A recent survey in Australia identified common barriers that made it more difficult for people to believe in Jesus or attend church. I think it is important that we christians consider these barriers, and do what we can to remove them. I have addressed one, Church abuse, and now I want to look at exclusivity.
Leadership is an important matter for christians. A fundamental aspect of being a christian is meeting with other believers in churches and other groupings. How these groups are led – that is, make decisions, form attitudes, gain knowledge and encourage each other – will have an enormous impact on our success in carrying out the mission entrusted to us.
What if we have got it badly wrong?
Unlike America, christianity has never been very strong in Australia. Something like 70% believe in a god, and about 50% identify with a religion (40% christian, 10% other), but only around 10% attend church regularly. Most Aussies are not very interested in church. (This is perhaps understandable, with many good options available on Sundays: sport, the beach, barbecues, picnics or just relaxing, or even mowing the lawn.)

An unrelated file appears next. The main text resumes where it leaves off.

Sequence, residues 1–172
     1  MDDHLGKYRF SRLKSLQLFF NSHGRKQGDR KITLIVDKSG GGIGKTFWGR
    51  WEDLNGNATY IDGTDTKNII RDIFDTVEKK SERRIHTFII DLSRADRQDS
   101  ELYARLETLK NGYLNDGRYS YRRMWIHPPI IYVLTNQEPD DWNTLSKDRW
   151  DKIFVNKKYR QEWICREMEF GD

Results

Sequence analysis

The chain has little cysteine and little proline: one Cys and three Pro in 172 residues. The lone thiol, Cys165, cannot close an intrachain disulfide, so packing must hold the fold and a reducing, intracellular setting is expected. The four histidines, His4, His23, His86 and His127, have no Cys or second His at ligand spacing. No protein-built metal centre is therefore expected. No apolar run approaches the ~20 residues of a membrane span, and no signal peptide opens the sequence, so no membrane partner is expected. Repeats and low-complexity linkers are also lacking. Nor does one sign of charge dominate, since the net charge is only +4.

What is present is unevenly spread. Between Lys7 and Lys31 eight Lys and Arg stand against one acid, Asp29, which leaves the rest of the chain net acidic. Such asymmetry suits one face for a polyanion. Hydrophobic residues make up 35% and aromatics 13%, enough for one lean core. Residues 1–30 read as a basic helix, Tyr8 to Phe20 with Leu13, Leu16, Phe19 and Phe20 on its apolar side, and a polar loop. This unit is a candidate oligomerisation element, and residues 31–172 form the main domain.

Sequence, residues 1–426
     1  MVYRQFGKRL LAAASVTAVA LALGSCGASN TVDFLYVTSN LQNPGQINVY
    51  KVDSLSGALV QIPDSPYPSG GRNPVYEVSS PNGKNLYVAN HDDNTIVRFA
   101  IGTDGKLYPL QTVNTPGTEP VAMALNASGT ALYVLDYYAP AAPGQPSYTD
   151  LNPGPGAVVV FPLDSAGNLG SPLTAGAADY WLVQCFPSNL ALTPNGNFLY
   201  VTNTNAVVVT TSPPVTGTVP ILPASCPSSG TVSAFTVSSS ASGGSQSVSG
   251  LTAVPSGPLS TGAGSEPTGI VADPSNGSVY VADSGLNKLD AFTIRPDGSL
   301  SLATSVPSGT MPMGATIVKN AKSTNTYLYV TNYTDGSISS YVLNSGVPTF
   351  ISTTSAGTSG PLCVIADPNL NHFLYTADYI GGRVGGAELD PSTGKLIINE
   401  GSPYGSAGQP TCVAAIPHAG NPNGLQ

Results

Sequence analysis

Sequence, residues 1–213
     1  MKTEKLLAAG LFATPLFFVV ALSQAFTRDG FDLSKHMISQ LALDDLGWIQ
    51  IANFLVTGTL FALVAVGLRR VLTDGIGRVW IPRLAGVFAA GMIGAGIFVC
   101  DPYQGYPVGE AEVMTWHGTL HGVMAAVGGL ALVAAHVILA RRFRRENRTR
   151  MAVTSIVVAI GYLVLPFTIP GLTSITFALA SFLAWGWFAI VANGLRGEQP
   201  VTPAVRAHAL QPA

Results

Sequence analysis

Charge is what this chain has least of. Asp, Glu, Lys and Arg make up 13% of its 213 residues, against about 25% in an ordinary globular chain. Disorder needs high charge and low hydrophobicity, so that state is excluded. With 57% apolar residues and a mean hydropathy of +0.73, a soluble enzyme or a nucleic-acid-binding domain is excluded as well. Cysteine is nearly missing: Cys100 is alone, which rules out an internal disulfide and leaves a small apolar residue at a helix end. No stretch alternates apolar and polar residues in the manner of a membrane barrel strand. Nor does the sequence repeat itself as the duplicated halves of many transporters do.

But an interesting new survey has studied the barriers to belief.
It was a beautiful sunny day in Sydney today. I went for a drive in the country and visited the Berry markets. (For those unfamiliar, these aren’t fruit markets. Berry is a former dairy farming town 2 hours south of Sydney, which has reinvented itself as an art and craft town. Once a month, they hold markets where you can buy fresh vegetables, plants, arts and crafts, food and miscellanea.) We brought back some herbs to grow.
Last post I raised concerns about world poverty in the light of the world’s population reaching 7 billion people. But how big is the need, and how much would it take to bring some relief for those who most desperately need it?